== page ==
There are some things that most of us fear. It’s a fact of the human condition. We share a sort of odd, primal collective consciousness that makes us jump when something moves in the shadows. This law of humanity also dictates: the stronger the power of our imaginations, the more we have to fear. This means very different things for different people, and there is something of a gap between this law’s influence on children and its influence on adults. Often times, it seems the monsters of the adult mind spring from experience and the knowledge of small, probable realities like “if I do not go to work, I stand a fair chance of losing my job, and in this economy I might not be able to replace it, and I will not be able to pay my rent, bills, tuition, and health insurance, and if I am diagnosed with some sort of dangerous and terribly expensive disease three days after my payments lapse…” and so-forth. Adult imaginations turn people into worrywarts and lead to nervous disorders and ulcers. Adult imaginations also pick up on words like “disembowelment,” “genocide,” “miscarriage” or “epidemic” in novels and set adult guts clenching in horrified sympathy, whereas children generally read the words and absorb only a very general impression of “bad,” even if they know what the words mean by dictionary definition.

Children, in general, are more likely to fear things without understanding them than to fear things because they understand them. This doesn’t necessarily mean they have more to fear than adults, but it means that their fears are enormously (and rather metaphysically) difficult to allay. Without anything concrete to cling to, children must face their childhood monsters with pure, unadulterated bravery or not face them at all. What’s worse, when the monsters are real, children are smaller, weaker, and generally less equipped to cope.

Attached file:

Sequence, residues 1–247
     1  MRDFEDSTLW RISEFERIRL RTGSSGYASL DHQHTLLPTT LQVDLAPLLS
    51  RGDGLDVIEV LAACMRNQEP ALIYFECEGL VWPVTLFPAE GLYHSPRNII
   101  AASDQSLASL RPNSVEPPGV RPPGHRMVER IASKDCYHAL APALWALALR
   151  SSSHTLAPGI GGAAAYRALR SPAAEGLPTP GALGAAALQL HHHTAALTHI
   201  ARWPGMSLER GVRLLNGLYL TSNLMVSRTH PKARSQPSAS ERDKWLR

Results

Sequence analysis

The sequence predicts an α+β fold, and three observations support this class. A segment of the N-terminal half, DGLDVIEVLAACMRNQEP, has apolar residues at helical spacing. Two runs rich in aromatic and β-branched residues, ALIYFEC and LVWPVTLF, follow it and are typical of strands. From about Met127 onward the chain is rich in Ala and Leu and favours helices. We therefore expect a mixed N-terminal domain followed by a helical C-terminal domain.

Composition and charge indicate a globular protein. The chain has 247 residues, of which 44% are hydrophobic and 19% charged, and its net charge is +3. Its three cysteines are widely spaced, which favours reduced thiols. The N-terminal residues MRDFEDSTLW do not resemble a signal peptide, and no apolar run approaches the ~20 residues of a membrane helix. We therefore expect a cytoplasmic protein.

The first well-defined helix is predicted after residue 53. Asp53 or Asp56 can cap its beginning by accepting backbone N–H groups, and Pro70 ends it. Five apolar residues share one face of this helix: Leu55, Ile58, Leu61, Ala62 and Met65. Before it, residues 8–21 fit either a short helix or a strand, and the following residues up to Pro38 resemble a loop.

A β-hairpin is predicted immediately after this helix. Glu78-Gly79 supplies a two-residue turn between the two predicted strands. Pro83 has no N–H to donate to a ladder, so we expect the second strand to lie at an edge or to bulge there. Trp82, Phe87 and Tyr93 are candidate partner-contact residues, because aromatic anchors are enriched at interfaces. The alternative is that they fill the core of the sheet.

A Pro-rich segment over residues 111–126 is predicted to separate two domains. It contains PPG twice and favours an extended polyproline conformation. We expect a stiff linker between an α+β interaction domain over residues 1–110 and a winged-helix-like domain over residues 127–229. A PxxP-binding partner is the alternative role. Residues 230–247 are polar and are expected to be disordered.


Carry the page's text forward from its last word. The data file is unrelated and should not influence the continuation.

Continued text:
I am pretty convinced that this is why children so often make the very best storybook and folktale heroes. When children are brave, they are brave against some overwhelming odds.

In Heather Ingemar’s short series of short stories, Collecting Dreams, the main character is one such child heroine. Isabelle, a 10 and then 12 year old orphanage ward, is courageous in the face of the unknown, and she is also courageous when facing the steep and awful price of her brave actions. Isabelle’s monsters are all too real, and what’s worse, one of the monsters Isabelle faces is the one she herself might become. Without giving any more away, let’s just say I absolutely loved this tiny little (less than 60 page!) book, and highly recommend that you all go storm the gates of the Drollerie Press bookstore to get yourselves a copy, especially if you like faerie-style children’s horror.

Anyhow, if you’re a grown-up, it’ll not only entertain you for a fast-paced half hour, it’ll frighten you with something far more interesting than income tax and the rising cost of healthcare, and perhaps it’ll make you remember why, at an earlier point in your life, those sorts of things weren’t scary at all.